Trends in domestic regulation of shale development ///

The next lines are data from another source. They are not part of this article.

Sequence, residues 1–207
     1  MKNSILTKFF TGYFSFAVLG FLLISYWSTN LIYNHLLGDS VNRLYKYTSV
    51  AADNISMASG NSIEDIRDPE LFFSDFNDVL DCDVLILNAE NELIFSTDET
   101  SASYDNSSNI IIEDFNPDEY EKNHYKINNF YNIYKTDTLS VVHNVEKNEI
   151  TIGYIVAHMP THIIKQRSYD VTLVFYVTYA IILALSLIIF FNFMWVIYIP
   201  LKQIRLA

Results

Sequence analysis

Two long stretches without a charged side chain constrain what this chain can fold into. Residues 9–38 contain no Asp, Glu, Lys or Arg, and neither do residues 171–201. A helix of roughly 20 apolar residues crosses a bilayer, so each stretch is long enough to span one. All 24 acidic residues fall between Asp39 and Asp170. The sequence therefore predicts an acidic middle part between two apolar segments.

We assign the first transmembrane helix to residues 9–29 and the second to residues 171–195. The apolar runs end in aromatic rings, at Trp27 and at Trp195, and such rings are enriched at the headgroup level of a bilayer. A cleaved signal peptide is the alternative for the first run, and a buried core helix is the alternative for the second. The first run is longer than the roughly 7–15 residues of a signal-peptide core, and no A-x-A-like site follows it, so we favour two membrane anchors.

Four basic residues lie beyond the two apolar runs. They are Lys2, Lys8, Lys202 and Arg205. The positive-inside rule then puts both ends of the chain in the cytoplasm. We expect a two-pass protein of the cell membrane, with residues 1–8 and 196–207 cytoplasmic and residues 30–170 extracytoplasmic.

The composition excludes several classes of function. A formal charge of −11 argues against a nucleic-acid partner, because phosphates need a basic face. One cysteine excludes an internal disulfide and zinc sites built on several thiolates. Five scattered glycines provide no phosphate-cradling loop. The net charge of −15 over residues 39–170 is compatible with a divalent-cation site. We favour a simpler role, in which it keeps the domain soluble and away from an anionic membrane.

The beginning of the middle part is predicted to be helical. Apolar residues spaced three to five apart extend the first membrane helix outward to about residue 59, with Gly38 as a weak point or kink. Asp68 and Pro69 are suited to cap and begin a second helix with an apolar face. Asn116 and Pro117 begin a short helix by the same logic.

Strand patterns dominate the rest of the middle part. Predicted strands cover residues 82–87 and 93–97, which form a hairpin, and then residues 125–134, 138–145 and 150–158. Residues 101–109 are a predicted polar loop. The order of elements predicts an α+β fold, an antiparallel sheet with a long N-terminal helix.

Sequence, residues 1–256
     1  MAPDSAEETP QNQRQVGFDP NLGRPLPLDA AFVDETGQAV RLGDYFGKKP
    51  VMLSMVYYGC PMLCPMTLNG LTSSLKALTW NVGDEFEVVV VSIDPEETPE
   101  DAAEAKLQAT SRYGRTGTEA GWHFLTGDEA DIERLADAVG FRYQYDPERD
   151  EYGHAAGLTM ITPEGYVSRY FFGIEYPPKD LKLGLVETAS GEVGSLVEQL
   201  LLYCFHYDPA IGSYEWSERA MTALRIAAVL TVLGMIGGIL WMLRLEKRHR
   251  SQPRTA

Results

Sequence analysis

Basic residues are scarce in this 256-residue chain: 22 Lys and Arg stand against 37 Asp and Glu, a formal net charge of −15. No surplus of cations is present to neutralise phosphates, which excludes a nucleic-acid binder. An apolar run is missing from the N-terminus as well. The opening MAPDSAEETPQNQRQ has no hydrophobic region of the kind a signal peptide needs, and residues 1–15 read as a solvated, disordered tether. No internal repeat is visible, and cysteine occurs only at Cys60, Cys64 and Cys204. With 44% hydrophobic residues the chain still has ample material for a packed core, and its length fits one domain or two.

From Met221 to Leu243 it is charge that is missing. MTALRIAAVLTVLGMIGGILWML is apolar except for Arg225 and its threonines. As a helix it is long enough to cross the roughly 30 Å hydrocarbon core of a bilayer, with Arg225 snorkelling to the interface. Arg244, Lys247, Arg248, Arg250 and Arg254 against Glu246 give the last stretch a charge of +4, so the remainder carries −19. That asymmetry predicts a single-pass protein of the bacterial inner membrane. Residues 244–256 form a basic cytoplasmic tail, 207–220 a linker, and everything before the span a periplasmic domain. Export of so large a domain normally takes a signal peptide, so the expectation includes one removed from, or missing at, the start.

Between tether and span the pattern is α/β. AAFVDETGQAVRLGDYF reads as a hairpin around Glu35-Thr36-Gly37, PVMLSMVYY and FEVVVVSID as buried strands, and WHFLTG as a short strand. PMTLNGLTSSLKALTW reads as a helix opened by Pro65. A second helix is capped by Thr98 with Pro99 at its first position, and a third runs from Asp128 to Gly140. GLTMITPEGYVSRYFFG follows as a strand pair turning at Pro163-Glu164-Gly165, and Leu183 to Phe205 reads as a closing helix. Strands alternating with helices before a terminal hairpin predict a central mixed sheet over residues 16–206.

As America’s recently reinvigorated oil and gas industry wrestles with the current drop in world oil prices, U.S. regulators remain hard at work, at both the federal and state levels. While this sharp decline in oil prices has introduced significant uncertainty, as to the scale of hydraulic fracturing operations in the short term—companies have slashed their 2015 capital spending plans, and the number of active drilling rigs continues to decline—the regulatory landscape surrounding hydraulic fracturing is clearer than it has ever been, and promises to become increasingly well-defined in 2015. Most states with shale activity now require some level of disclosure of the chemicals utilized in fracing fluids; have updated their well-cementing and construction rules; and have established drill site setback regulations, among other regulatory programs. Meanwhile, at the federal level, the U.S. Environmental Protection Agency (EPA) is moving forward with efforts to require greenhouse gas reporting for certain additional hydraulic fracturing operations, and to regulate methane emissions associated with oil and gas production. Moreover, state regulations, increasingly, are addressing concerns related to induced seismicity, protection of groundwater, and waste disposal.

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